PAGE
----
How can communities organize to improve their children's schools? How does deep, systemic change take place in the education sector? What are the steps community based organizations (CBOs) can take to impact the quality of education imparted to the children and youth in their neighborhoods? These are the questions this book sets out to answer through a series of case studies from across the country. The researchers identified CBOs that had been successful in creating sustained, successful reform in their communities, from the Logan Square Neighborhood Association in Chicago to the PICO organization in Southern California. These case studies show how the basic principals of community organizing - building relationships, identifying common interests, and leveraging resources to impact decision-making processes - can work across different contexts to bring sustainable reform to struggling school systems. The LSNA study shows how these processes work in a low-income, immigrant community first to transform individual schools, then an entire district, and later statewide policy, by creating a parent mentor program that trains community parents to be assistants in the classroom and earn certification to become bilingual teachers. The case study of the ECHO organization in the rural Mississippi Delta shows how community organizing can unite communities facing a history of racial segregation to garner greater resources for public schools at the state level.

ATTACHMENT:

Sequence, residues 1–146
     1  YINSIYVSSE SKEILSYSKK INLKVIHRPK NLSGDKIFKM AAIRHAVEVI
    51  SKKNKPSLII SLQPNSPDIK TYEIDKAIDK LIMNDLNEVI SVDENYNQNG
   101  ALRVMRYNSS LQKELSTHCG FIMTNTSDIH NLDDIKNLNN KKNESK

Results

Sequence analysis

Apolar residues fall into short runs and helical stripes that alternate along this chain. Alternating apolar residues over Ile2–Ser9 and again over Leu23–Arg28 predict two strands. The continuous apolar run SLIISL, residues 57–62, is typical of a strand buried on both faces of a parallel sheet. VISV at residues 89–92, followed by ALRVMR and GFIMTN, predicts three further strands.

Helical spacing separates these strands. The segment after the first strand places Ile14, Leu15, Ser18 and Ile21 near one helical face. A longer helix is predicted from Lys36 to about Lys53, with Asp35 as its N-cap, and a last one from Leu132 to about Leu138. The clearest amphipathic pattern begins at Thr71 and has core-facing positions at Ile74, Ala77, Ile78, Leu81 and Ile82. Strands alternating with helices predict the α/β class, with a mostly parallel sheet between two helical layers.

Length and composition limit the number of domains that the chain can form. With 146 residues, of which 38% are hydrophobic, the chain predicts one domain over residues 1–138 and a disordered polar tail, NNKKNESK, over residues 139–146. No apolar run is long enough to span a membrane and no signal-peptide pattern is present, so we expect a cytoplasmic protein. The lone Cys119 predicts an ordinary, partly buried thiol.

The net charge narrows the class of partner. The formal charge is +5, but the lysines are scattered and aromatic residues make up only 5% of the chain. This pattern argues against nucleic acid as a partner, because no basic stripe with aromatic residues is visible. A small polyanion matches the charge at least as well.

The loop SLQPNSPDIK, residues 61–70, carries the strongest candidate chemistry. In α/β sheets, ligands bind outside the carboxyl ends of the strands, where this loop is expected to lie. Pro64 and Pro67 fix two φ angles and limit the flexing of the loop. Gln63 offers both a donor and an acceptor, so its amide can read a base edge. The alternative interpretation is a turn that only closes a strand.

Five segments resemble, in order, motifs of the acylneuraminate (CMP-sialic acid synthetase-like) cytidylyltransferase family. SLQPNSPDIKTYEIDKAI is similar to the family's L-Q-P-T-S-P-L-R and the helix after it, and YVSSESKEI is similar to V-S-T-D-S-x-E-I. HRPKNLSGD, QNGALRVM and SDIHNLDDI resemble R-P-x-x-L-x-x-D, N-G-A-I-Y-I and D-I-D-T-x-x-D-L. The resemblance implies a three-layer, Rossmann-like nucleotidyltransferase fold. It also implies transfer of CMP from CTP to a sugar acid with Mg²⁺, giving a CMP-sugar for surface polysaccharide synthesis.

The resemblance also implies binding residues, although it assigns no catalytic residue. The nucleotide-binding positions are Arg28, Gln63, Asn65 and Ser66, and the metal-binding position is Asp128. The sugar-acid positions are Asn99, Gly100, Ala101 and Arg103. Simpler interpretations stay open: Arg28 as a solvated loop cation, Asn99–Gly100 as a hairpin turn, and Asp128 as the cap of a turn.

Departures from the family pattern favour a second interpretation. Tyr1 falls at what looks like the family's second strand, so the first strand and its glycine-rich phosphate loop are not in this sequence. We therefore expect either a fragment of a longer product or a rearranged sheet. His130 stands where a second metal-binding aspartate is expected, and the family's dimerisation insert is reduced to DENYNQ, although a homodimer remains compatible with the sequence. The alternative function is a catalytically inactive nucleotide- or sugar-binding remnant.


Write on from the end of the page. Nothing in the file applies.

Teachers, school leaders, policy makers, parents, and others concerned with the deterioration of public education in many parts of the United States will find in this book concrete examples of how communities can come together to lead the type of deep, structural, sustained, innovative reform necessary to transform our education system.
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Studies of the different communities and how parents and other community organizers faced the challenges of their own school systems were presented. Both the successes and failures of each of these challenges had a positive impact on all involved and students especially benefited from having parents who took part. This book was inspiring. Having always taught in communities that are similar to the ones in the book, it was exciting to see the possibilities. This book is a great read for community organizers or anyone working for non-profits but especially those involved in school systems. There were so many ideas that can be started and implemented. This book reminded me of several other social and community organizational books I have read however, this book did not present theory, only actual case studies with the how and why. A Match on Dry Grass is a practical guide.
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Using it to inform my dissertation research.